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Ushio and Tora (2015-2016)

Ushio believes his life is much like any other Japanese teenager- apart from the fact that he lives at a historic temple. One day though, he discovers that an ancient demon has been imprisoned in the shrine for hundreds of years, pinned by a powerful weapon called the Beast Spear. When that attracts the attention of other malevolent spirits, Ushio is forced to free the demon to help him defeat them. And so begins an uneasy alliance as Ushio and the demon (who he names Tora, Japanese for Tiger) form an unlikely demon-busting team.

Ushio and Tora is a 39 episode anime series produced by MAPPA, which originally aired between July 2016 and June the next year. It was adapted from the (as yet untranslated) manga by Kazuhiro Fujita, which originally ran between 1990 and 1996. It was previously adapted as a 10 episode OAV (Original Animation Video) series in the early 1990s.

One of the most appealing aspects of Ushio and Tora is the relationship between the two central characters. Wielding the Beast Spear gives Ushio special powers (and magical hair extensions) but it also is the only thing that is keeping Tora from turning Ushio into lunch. This definitely puts an original spin on the classical buddy-movie trope of mismatched partners forced to work together. Of course, it's not too much of a spoiler to say that the original dynamic does begin to change as they fight alongside each other time and time again. Still- it doesn't change that much, and their constant bickering proves to be one of the most entertaining parts of the series throughout. It also gets a lot of mileage out of "fish out of water" hijinks as Tora tries to adjust to the modern (human) world.

The other stand-out aspect here is the supernatural creatures who form such a major part of the series. It leans heavily on Japanese folklore relating to Yokai (mythical Japanese creatures including demons, ghosts and other such supernatural beasties).Ushio and Tora encounter and fight a stream of yokai that provide an impressive variety of spooky tales.  Mainly taken directly from the traditional mythology- sometimes with an added twist- there's a fantastic array of yokai here. Students of Japanese folklore and horror fans alike will find plenty of stuff to get their teeth stuck into. The anime does an impressive job at making some of them genuinely creepy, too.

The series initially relies heavily on a "monster of the week" format, with each episode bringing another encounter. These episodes are highly entertaining and leave the audience wondering what creepy creature they will encounter next.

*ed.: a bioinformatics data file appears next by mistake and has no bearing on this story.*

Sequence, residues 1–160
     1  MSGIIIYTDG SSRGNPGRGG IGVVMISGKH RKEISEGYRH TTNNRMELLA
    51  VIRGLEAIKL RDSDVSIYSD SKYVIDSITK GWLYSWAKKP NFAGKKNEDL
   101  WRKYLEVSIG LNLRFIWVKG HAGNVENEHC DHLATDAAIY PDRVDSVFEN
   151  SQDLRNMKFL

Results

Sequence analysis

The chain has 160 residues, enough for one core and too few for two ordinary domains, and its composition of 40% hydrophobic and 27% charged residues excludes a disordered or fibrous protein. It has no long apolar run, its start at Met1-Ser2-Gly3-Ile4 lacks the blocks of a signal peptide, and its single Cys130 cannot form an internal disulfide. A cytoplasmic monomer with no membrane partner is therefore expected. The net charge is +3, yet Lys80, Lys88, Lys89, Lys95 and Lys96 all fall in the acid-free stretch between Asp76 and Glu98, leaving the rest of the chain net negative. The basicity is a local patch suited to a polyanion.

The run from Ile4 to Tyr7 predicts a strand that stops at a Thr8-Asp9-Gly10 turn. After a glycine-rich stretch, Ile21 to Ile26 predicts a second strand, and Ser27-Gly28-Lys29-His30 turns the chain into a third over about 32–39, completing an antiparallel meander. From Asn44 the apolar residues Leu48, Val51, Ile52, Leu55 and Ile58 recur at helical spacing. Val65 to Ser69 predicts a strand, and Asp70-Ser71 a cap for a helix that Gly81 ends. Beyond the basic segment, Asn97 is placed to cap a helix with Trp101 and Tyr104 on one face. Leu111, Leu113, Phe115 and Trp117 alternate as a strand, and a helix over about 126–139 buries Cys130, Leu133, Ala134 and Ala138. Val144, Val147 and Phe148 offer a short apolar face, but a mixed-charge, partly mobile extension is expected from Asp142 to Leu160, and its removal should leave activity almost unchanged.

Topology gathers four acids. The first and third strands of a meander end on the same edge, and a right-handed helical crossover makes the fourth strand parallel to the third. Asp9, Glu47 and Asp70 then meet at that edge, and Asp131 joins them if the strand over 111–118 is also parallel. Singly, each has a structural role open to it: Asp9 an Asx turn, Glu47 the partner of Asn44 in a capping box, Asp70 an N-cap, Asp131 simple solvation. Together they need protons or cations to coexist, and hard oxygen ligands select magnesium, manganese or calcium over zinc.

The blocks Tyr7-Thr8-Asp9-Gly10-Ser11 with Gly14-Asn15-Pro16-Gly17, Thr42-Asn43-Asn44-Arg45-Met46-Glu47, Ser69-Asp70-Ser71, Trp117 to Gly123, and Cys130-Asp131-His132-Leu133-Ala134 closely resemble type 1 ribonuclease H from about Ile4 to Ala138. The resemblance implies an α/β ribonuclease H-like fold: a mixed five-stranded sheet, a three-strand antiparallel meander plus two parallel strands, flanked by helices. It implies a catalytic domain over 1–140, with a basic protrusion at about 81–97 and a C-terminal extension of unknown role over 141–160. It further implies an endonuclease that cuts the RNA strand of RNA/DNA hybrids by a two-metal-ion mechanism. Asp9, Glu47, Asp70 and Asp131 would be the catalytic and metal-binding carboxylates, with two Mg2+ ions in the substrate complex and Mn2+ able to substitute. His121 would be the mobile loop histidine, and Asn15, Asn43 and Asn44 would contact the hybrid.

It seems though that the series (and likely the original manga) decided that the audience would tire of this small-scale storytelling, and expands into some major arcs. The stories get more expansive, but as they do it also loses a little something in the process. By the time our heroes are fighting yokai who are threatening the fate of the entire world, it becomes just another world-in-peril plot. The giant battles that make up the climax begin to feel indistinguishable from standard shonen fare. It actually proves much more compelling when the stakes are lower but more personal, when the stories relate more to Ushio himself and his loved ones. The big battles do make for some impressive visuals, though.

It's not that common for a modern anime to be adapted from an older manga.- and in many ways, the series feels like a throwback. The character designs are pretty faithful to the manga original and are definitely distinct from most contemporary Japanese animation. However, spectacular sequences with hordes of yokai filling the skies are just some of the examples of digital animation that wouldn't have been possible at the time the original animated series was made.

The old-school feel goes beyond the visuals with the whole production feeling a little like an old Madhouse/ Yoshiaki Kawajiri production. It even goes down to Sentai Filmwork's dub, whose swear-laden dialogue feels a bit like it's from an older time too.

Ushio and Tora are not exactly the deepest and most well realised of characters but you still feel as if you get to know them throughout the series. Other characters- human and yokai- have more mixed fortunes. The female characters get a particularly raw deal, existing mainly to be damsel in distress-type figures, and/or to adore Ushio. They get to play a more crucial part later on (one more original story even sees them all team up together) and eventually form friendships of their own beyond their connection to Ushio.

Complaints aside, Ushio and Tora makes for an entertaining time, especially if you're a fan of yokai- or Japanese horror in general. It's a genre that has fallen somewhat out of favour in anime more recently, so it makes a refreshing change in amongst all the slice-of-life, rom-com and fantasy series that makes up much of the current anime landscape.

If you're in the mood for something full of action but with a slightly spooky twist (perfect for this time of year).. then this series could be just what the doctor ordered.

FROM Animatsu/
Manga UK*/
Sentai Filmworks
39 Episodes

IN A NUTSHELL: An unlikely team make for a fun, action-packed and often impressively creepy slice of animated entertainment.

*Review copy provided by Manga UK